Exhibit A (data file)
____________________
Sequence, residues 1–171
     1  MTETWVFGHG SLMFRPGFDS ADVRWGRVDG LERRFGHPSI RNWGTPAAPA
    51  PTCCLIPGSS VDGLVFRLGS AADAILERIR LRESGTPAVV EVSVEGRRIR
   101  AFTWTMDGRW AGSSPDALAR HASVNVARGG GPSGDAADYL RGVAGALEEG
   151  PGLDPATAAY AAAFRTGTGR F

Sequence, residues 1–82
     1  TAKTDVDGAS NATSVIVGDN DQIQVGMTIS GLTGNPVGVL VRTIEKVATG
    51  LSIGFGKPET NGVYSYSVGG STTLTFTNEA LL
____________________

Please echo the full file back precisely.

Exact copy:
Sequence, residues 1–171
     1  MTETWVFGHG SLMFRPGFDS ADVRWGRVDG LERRFGHPSI RNWGTPAAPA
    51  PTCCLIPGSS VDGLVFRLGS AADAILERIR LRESGTPAVV EVSVEGRRIR
   101  AFTWTMDGRW AGSSPDALAR HASVNVARGG GPSGDAADYL RGVAGALEEG
   151  PGLDPATAAY AAAFRTGTGR F

Sequence, residues 1–82
     1  TAKTDVDGAS NATSVIVGDN DQIQVGMTIS GLTGNPVGVL VRTIEKVATG
    51  LSIGFGKPET NGVYSYSVGG STTLTFTNEA LL